How Children Learn Language.
O'Grady gives a complete overview of all the pieces of children's language acquisition process and the contributions of researchers in the field, with their basis and experiences. He summarizes: "And tying it all together is the ability to learn--to form generalizations that have a good chance of being right the first time and to make corrections where there's a mistake" (p. 197). He points out that language still has mysteries that cannot be answered now, but in time more revelations may occur. Later, he concludes, "It has been probed and analyzed and studied for over two thousand years, [yet] we still understand relatively little about how it works. The mystery is compounded by the fact that every year, tens of millions of children around the world quickly and effortlessly go about the job of language learning, creating the puzzle that we've been considering in this book" (p. 197).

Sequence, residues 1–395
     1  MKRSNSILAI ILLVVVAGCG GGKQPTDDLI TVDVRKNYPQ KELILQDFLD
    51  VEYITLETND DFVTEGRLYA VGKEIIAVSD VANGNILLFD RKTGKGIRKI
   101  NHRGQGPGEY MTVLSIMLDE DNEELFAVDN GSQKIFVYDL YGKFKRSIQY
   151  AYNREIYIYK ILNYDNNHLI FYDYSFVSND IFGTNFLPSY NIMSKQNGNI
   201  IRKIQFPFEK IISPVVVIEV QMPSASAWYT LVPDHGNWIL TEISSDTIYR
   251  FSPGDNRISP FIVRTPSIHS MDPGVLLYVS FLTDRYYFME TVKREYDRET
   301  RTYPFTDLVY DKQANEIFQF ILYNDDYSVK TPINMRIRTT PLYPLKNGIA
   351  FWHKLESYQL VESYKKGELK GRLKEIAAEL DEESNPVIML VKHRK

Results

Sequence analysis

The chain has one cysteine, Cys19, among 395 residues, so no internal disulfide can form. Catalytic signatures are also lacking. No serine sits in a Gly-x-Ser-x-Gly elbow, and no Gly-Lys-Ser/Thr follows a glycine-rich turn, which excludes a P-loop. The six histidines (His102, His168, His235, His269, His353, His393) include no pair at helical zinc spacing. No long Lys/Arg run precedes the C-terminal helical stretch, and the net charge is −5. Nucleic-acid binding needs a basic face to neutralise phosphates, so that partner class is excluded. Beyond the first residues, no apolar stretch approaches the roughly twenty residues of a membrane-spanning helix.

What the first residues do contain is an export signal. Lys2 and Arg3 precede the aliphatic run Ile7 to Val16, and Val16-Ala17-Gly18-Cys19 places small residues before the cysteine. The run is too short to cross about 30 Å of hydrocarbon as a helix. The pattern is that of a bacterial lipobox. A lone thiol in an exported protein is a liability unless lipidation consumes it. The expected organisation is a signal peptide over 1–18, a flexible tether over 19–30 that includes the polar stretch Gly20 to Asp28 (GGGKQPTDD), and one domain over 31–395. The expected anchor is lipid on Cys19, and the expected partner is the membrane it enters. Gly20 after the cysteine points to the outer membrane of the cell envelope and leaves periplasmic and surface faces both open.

The strength of this wonderful literary production lies in its simple and illustrative manner and how the author makes the research information reported here accessible to parents, students, and other people who are not in the field. Ultimately, the book will pique readers' curiosity about how language works and how it is learned by children, and will provide them with useful knowledge about children's needs in the process of language acquisition. Reviewed by Maria C. Gomis, pre-kindergarten teacher for children with disabilities, Miami-Dade County Public Schools, and currently Ph.D. student at Barry University, Miami Shores, FL
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|Author:||Gomis, Maria C.|
|Article Type:||Book review|
|Date:||Jun 22, 2006|
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